Definition of Motivation

Definition of Motivation
Barker (2005) In a general sense, motivation can be defined as the dynamically changing cumulative arousal in a person that initiates, directs, coordinates, amplifies, terminates, and evaluates the cognitive and motor processes whereby initial wishes and desires are selected, prioritized, operationalized and (successfully or unsuccessfully) acted out.
Elliot (2006) Motivation is the energization of behavior by, or the direction of behavior toward, positive stimuli (objects, events, possibilities), whereas avoidance motivation is the energization of behavior by, or the direction of behavior away from, negative stimuli (objects, events, possibilities).
Lai (2011) concludes motivation refers to reasons that underlie behavior, motivation is animated by personal enjoyment, interest, or pleasure, whereas motivation is governed by reinforcement contingencies. Motivation involves a constellation of closely related beliefs, perceptions, values, interests, and actions. Motivation within individuals tends to vary across subject areas, and this domain specificity increases with age.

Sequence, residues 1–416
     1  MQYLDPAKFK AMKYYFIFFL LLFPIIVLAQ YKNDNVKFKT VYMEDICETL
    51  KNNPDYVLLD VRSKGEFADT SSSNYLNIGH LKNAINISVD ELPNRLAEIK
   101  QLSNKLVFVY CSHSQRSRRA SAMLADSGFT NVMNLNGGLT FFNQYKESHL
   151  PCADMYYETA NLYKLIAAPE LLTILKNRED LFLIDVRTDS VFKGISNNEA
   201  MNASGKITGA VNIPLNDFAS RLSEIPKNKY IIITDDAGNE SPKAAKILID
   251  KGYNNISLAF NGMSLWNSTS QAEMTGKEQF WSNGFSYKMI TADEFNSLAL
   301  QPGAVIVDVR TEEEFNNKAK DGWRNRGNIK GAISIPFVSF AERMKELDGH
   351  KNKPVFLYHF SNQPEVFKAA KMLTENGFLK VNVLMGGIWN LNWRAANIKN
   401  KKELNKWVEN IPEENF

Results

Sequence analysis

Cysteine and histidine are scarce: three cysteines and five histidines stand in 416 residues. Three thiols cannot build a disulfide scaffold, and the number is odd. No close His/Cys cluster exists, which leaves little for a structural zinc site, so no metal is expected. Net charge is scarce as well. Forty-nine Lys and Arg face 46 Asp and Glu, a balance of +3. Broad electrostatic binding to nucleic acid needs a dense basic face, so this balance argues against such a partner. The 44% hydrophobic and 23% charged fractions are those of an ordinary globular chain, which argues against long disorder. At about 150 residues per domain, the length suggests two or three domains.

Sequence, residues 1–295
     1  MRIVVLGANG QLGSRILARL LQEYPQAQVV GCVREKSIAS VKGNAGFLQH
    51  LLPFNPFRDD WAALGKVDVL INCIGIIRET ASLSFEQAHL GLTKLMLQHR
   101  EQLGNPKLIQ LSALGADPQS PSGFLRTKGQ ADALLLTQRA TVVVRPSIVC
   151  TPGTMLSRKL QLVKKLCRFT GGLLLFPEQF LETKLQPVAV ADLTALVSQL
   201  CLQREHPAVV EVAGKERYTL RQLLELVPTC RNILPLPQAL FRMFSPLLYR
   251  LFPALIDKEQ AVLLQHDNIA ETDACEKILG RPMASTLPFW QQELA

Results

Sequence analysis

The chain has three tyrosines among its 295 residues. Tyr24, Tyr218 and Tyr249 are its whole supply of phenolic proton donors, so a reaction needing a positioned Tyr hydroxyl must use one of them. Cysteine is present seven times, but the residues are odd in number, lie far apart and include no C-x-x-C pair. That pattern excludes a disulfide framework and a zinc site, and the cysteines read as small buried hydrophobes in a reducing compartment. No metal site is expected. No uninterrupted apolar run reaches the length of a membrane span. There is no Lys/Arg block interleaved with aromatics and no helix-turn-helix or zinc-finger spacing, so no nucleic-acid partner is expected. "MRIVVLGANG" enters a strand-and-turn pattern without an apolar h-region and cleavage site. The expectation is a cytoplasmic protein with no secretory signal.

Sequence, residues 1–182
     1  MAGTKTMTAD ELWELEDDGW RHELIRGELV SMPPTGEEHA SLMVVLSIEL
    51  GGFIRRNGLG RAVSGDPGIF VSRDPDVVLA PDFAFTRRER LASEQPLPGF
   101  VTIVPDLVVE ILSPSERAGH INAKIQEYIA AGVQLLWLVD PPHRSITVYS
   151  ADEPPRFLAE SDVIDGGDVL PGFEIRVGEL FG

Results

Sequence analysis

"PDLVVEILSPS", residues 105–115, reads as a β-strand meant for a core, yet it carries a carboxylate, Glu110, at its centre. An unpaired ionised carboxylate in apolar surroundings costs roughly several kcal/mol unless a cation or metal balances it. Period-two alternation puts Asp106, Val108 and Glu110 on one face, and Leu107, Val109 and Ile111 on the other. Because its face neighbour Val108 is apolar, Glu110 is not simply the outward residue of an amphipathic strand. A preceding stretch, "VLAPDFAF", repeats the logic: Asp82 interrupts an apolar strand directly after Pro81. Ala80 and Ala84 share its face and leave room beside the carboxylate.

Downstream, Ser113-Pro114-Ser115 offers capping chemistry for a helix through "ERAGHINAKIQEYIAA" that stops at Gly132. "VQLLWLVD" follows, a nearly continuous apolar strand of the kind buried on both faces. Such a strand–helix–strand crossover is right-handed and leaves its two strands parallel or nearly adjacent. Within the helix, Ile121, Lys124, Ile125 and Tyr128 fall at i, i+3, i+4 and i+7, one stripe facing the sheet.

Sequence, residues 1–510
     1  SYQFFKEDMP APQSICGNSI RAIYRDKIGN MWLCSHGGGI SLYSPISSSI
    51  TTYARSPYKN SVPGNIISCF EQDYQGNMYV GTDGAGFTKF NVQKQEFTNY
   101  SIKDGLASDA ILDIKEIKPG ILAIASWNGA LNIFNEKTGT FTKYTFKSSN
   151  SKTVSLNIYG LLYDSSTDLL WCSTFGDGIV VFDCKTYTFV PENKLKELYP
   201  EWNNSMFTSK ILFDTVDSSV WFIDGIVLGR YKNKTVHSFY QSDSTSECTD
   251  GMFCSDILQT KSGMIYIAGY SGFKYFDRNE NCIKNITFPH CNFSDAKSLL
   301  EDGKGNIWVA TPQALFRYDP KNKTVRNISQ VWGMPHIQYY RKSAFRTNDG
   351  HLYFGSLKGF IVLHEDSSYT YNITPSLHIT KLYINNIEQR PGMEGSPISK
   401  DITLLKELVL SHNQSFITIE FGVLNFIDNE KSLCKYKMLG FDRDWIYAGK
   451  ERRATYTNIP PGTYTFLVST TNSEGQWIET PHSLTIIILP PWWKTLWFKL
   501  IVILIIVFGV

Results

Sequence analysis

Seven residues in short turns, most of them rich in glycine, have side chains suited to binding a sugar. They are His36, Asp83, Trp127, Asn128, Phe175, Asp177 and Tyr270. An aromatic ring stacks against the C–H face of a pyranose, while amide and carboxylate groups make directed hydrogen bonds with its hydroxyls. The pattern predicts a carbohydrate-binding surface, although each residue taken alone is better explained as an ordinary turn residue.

Graham and Weiner (1996) Definition of motivation. Motivation is the study at why people think and behave as they do. In the context of academic achievement, motivational concerns would he addressed If we were to ask, for example, why some students complete tasks despite enormous difficulty, while others give up at the slightest provocation, or why some students set such unrealistically high goals for themselves that failure is bound to occur.  Another way to capture the concept at motivation Is to think about a typical achievement behavior, such as studying for an examination, and to view it as a temporal sequence that is started, sustained, directed, and finally terminated.

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